Alas for you, poor man! How effectually has sin undone you, depraved you and despoiled you even of your reason to look after your own everlasting good! O miserable wretch! What stupidity and senselessness have surprised you! Oh let me knock and awake this sleeper! Who dwells within the walls of this flesh? Is there a soul here, a rational, understanding soul; or are you only a senseless lump?

O man, who has bewitched you, that in the matters of this present life you shall be wise enough to forecast your business, foresee your danger, and prevent your ruin; but in matters of everlasting consequence shall be slight and careless, as if they little concerned you?

What shall I say? Would it not grieve a person of any humanity, if, in the time of a raging plague, he should have a remedy that would infallibly cure all the country and recover the most hopeless patients, and yet his friends and neighbors should die by hundreds around him, because they would not use it?

Motives to Conversion and Conclusion

This was definitely not light reading and was hard going in places but extremely challenging and convicting both as a reminder to ensure our own conversions are sound and that we are sincerely reaching others with the Gospel.

Throughout the book the author implores readers to turn to God and escape the judgement to come. The final two chapters are basically a passionate plea to turn from sin and embrace Jesus before it's too late!

"What your present choice is— such must be your eternal condition."

I strongly recommend that all Christians read this. If you can persuade a non-Christian to do so great as God may use it but I'm not sure that they would persevere to the end due to the spiritually heavy content in this age of worldliness.



( )
  sparkleandchico | Aug 31, 2016 |
Paperback
  pastorroy | Jul 9, 2013 |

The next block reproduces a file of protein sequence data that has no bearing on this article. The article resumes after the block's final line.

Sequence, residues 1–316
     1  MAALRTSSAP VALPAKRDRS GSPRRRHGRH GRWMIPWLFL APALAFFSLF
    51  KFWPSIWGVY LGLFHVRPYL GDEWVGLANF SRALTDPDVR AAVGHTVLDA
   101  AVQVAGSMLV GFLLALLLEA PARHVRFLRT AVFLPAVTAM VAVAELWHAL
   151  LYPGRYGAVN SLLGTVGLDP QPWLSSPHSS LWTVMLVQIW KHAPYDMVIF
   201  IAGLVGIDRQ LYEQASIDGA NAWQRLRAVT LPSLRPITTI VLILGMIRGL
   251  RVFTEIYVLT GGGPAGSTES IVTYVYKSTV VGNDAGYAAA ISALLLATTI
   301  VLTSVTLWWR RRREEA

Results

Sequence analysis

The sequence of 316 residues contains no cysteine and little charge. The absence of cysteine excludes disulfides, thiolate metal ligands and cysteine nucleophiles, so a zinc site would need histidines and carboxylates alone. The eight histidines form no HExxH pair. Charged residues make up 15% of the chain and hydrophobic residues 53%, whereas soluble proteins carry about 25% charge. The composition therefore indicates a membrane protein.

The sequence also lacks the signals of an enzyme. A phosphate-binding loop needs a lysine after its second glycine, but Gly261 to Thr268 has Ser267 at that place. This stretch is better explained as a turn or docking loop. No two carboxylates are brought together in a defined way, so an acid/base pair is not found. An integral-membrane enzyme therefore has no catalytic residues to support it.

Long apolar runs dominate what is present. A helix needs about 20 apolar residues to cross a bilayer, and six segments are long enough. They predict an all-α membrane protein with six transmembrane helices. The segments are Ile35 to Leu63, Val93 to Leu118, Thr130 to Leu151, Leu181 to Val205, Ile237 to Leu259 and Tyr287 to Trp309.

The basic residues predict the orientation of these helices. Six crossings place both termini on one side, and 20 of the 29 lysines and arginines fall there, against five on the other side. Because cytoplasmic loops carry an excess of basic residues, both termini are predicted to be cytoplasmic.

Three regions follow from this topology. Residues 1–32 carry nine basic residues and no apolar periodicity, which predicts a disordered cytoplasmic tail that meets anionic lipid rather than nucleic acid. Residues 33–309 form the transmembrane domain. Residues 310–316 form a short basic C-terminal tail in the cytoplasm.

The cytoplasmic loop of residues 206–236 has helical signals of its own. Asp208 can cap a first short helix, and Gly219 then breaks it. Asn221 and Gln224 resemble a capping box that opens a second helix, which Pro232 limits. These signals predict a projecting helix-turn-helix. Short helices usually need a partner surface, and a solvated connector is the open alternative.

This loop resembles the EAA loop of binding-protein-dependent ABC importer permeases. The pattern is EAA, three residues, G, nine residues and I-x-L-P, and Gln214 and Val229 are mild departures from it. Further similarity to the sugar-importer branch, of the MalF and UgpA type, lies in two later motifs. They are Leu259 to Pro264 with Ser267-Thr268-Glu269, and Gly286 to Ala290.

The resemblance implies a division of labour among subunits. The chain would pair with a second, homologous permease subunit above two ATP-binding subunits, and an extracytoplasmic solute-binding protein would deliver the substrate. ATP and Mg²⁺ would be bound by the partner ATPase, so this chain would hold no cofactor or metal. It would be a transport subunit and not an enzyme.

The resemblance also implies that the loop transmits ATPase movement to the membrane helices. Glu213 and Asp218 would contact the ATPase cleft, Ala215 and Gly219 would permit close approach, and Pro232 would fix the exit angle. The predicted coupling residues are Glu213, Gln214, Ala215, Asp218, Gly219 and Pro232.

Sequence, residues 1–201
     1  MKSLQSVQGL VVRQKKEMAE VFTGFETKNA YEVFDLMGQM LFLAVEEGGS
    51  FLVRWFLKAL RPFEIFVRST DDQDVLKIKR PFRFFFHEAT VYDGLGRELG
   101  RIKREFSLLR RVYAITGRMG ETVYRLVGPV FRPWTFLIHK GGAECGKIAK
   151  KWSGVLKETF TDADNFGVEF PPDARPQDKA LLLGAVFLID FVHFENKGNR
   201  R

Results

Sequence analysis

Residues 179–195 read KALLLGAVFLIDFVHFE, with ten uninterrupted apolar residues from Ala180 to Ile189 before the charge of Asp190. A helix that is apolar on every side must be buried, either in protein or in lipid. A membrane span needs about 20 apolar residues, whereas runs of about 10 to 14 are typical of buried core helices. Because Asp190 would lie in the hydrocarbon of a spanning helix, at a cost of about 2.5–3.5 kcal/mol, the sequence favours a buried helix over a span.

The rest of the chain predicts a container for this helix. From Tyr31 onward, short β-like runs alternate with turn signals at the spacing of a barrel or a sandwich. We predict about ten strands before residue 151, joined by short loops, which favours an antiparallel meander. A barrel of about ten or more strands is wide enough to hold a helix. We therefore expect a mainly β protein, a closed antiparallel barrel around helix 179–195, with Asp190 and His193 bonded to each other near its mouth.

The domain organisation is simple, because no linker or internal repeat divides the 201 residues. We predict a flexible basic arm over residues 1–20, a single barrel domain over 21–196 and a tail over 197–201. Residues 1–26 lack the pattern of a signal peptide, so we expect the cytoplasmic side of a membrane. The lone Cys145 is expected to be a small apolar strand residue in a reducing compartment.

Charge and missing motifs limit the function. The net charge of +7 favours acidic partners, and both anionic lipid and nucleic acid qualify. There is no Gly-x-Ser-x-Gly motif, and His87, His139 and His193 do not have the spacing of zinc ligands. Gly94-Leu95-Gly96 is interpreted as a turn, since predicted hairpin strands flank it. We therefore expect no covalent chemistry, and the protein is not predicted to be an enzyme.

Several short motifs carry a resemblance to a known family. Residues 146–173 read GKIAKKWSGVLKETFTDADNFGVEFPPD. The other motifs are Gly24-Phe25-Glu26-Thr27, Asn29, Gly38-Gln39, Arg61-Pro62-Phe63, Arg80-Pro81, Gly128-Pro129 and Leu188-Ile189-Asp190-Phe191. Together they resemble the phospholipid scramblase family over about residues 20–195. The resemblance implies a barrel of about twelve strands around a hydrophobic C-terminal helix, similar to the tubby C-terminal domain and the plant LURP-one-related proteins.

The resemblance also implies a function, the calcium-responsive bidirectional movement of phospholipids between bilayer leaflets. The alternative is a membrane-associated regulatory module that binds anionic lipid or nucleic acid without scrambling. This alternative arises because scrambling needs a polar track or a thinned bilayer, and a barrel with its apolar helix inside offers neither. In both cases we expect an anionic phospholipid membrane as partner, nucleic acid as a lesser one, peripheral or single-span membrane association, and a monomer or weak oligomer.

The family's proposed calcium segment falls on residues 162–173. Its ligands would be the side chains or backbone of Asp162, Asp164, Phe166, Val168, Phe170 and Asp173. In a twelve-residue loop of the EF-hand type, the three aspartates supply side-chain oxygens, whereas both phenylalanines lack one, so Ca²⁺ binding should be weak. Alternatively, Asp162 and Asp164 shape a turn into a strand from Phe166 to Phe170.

The most biblical salvation tract I have every read. Probably too heavy for the average nonbeliever today though. I read this book almost fifteen years ago as a believer during my private devotions. I found it to be very enriching. It has become one of my favorite books. It seems that I remember reading somewhere that C.H. Spurgeon kept this little book by his bed. ( )
  ScottSlaughter | Jan 14, 2010 |
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Amazon.com Product Description (ISBN 187844221X, Paperback)

The fire of God was in the bones of young Joseph Alleine. His preaching and his prayers dripped with the anointing of the Holy Spirit. ''O Lord,'' he prayed, ''choose my words; choose my weapons for me; and when I put my hand into the bag and take out a stone and sling, do Thou carry it to the mark and make it stick, not into the forehead, but into the heart of the unconverted sinner, and smite him to the ground as You did to Saul of Tarsus.'' Alleine's words in this book mirror his message to the unconverted. Chapter 1 shows what Conversion is, what it is not. Chapter 2 opens up the necessity of conversion. Chapter 3 exposes the marks of the unconverted. Chapter 4 proves the misery of the unconverted. Chapter 5 describes the means of conversion. Chapter 6 then closes with the motives of conversion. All of these explain why this book is named An Alarm to the Unconverted. Sinners who have read, and who now will read, this classic of classics have squirmed, excused, pleaded falsely, yet have been unable to escape the message straight from Heaven: ''Study your own hearts. Do not rest till God has made thorough work with you. For you must be other men, or else you are lost men''( p. 8) Tens of thousands, yea more, have accredited this book with having opened their eyes to their unconverted state. Among these, perhaps even half of these, were church members sailing under Christ's colors. These fervent words have burned their way into the hearts of both the small and the great. George Whitefield told how it affected him. C. H. Spurgeon ''when brought under conviction'' turned to this book. Like Pilgrim's Progress, this book has been through hundreds of printings. Many of these have been private printings of ten thousand or more copies. Why is this? It speaks the message of God so plainly that it brings conviction such as attended the apostle Peter's preaching when he cried out, ''Therefore, repent and be converted, unto the blotting out of your sins,'' and thousands of so

(retrieved from Amazon Thu, 12 Mar 2015 18:05:24 -0400)

(see all 2 descriptions)

One of the greatest evangelistic books, and a spur to personal evangelism.